AGE / VALUE:   Romana, Italian Vintage Road? posted by: Hunter Dickerson on 9/27/2008 at 4:45:32 PM
I got this frame the other day from one of my friends who buys and sells vintage road bikes. It has a decal that says 'Made in Italy' and 'E.B.M. Exclusive U.S. Importer'. I have done a little research and have not found anything. The bike is called a Romana LX-23. Any help you can give me would be great. Below is a picture of the original decals (rough).


MISC:   West German Bikes??? posted by: Ed on 9/26/2008 at 9:27:56 AM
I have an old men's 3 speed bike that has the name metal plate w/ name "Marathon" on the front, and says made in W. Germany. Looks like it was made in late 1970's. I can't find any other indication of the manufacturer. Any ideas? Looks similar to a Raleigh from that ERA.

MISC:   Trade sturmey hubs? posted by: nikos on 9/26/2008 at 7:43:37 AM
Hello all,

Would anyone be interested in trading a 1950's AM hub in an alloy AW shell--complete with both indicator rods and wing nuts (!) for a functional FW with the index rods, shell type doesn't matter. Would be great if it had a working trigger as well.

Just a thought. I have a few AM's laying around and really want an FW for a bike. I can send pictures later too.


AGE / VALUE:   Apollo Criterium posted by: Tuesday on 9/24/2008 at 10:47:55 AM
Hi! I recently picked up an old Apollo Criterium roadbike. I've been trying to find info on it, but I've been coming up with nothing. Does anyone know anything about this bike?

WANTED:   1970s Raleigh Sprite posted by: Kris on 9/22/2008 at 2:03:26 PM
Ok, I'm all new to this. I've always had newish mountain bikes. I'm a full time student who really wanted a girls step through bike, but had a hard time finding one (even new) because I'm 6'1". This past weekend I purchased a Raleigh Sprite which has a lot of great features, but is a bit surface rusty and has a bent back wheel and fender. I probably paid too much, but was so happy to find a girls bike tall enough for me.

I don't want to put a lot of money into it (i.e. student), but would like to give it some TLC. Here is the link of what my bike looks like:

First thing, I don't have the chain guard. This would make me so extremely happy, but I've spent hours over the last couple of days searching the internet and cannot seem to figure out where to find one of these. Anyone's help/suggestions would be great. I am in Seattle if you know of any place here.

Second, any suggestions on easy repairs (rust from paint, removing dent in fender, or making her shift easier) would be great. Is it taking anything away from the bicycle by doing some new upgrades?

Thanks so much,

   RE:WANTED:   1970s Raleigh Sprite posted by David on 9/23/2008 at 11:25:15 AM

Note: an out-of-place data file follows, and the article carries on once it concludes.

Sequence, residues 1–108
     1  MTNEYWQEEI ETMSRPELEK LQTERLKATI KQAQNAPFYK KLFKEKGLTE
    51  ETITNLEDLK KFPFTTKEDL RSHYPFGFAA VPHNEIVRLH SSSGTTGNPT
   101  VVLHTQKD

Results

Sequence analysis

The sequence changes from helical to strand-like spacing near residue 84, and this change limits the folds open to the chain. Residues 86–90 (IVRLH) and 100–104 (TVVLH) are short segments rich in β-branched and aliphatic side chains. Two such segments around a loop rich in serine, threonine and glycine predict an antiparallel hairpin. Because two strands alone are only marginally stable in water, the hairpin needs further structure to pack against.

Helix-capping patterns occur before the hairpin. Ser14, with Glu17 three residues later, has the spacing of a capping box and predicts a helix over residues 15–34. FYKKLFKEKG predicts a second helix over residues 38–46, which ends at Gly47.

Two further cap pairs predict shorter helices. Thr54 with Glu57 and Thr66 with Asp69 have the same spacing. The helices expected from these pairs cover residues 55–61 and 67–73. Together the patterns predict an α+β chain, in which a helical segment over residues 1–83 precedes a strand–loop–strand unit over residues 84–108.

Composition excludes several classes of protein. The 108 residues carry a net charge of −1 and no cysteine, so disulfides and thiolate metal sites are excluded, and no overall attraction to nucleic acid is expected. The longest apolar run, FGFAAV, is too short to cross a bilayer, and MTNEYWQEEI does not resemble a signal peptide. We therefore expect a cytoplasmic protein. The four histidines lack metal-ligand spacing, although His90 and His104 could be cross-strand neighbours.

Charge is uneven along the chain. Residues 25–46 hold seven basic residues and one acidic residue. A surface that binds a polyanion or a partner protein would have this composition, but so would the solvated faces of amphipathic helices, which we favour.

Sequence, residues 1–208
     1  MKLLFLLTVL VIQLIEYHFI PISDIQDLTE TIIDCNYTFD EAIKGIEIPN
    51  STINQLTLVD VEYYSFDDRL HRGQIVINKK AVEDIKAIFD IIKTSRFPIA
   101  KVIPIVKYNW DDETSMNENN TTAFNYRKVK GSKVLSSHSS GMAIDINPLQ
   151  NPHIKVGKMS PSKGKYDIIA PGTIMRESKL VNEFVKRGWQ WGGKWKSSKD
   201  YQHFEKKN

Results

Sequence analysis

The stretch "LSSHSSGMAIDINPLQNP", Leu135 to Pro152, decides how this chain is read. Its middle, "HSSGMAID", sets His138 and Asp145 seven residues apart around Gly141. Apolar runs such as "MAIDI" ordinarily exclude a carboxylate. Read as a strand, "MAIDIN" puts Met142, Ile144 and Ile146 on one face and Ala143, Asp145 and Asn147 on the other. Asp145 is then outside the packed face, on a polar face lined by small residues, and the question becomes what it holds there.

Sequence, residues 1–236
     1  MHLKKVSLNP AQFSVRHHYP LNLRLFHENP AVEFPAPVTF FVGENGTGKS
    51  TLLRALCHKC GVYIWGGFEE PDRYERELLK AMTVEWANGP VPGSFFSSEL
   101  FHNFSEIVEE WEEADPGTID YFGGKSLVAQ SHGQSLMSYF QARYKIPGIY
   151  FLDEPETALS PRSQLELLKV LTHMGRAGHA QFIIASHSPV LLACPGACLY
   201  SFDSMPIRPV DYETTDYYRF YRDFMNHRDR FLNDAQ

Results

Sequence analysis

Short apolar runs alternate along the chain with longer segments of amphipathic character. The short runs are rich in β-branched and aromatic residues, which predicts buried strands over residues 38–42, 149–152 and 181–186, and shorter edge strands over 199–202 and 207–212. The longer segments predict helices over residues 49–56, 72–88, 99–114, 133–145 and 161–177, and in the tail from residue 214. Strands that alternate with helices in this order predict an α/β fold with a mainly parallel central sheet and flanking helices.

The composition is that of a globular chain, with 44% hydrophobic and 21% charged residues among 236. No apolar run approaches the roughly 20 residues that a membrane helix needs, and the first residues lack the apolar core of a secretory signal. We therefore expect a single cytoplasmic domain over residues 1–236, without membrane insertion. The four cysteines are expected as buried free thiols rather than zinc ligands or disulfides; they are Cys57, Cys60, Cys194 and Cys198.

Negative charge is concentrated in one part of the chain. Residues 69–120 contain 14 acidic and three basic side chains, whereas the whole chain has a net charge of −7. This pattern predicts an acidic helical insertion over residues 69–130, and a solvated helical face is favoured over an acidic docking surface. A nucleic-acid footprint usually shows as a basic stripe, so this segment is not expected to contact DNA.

If it's a 10-speed Sprite, it never had the chain guard, rather an outer ring on the chain wheel that would help a little to keep your cuff clean. Aftermarket chain guards are available. You should be able to find a better rear wheel without too much trouble. Call the bikestop in Arlington.

   RE:WANTED:   1970s Raleigh Sprite posted by Kris on 9/24/2008 at 3:30:45 PM
Thanks David. It is a 5-speed. I found a photo of one identical to mine that has the chain guard. Here is the URL:
I was just guessing this was original... anyone know?

   RE:RE:WANTED: 1970s Raleigh Sprite posted by Warren on 9/25/2008 at 3:48:48 PM
Many or most Sprites didn't have the chainguard...I believe later model years did. As David noted, there was also an outer ring to offer some protection.

The chainguard that you found on the white Sprite can be found on ebay on a fairly regular basis. Finding one your colour may be difficult.

    1970s Raleigh Sprite posted by ken on 9/26/2008 at 10:59:28 AM
A clean derailleur, a clean cable and the correct tension on the friction shifter will improve your shifting. Any decent 27" wheel with a 5-speed freewheel should be close to the correct spacing and easy to mount. Check Sheldon Brown for details. It will ride better. You wouldn't hurt the value at all. Likewise, chainguards bolt on, and off again. You could keep your trousers clean with any old chainguard while you watch for the perfect one. People like us have chainguards lying around in our basements.
I've had good results with car wax or just a little light oil to keep paint looking good and not rusting any worse. Just cleaning and rubbing will make a difference.
There are machines for rolling the dents out of fenders, but it's possible to cut pieces of wood to the inside and outside shapes of the fender, and then knock the dent out by putting the fender between the forms.

   RE:WANTED:   1970s Raleigh Sprite posted by Jim on 10/5/2008 at 7:52:02 AM
Your Sprite should have a steel Huret derailleur. If so, it is probably early 70s vintage. In that case, they came with a partial chaingaurd to allow for the movement of the chain as the gears shifted. The "hockey stick" style was for the internal hub gear varieties. Sprites in the late 60s did come with 5-speed internal hub gearing. If that's the case, "hockey stick" chaingaurds are OK. Some are selling on e-bay. You can use a rounded hammer to tap out the fender dents. Place a block of wood on the other side of the fender before tapping, and do so lightly. Naval jelly, Brillo pads, and chrome cleaner can help remove rust from chrome rims, etc. Try using a toothbrush to scrub the parts with. WD40 and motor oil will lubricate the moving parts. Also, try getting some oil into the cable housings.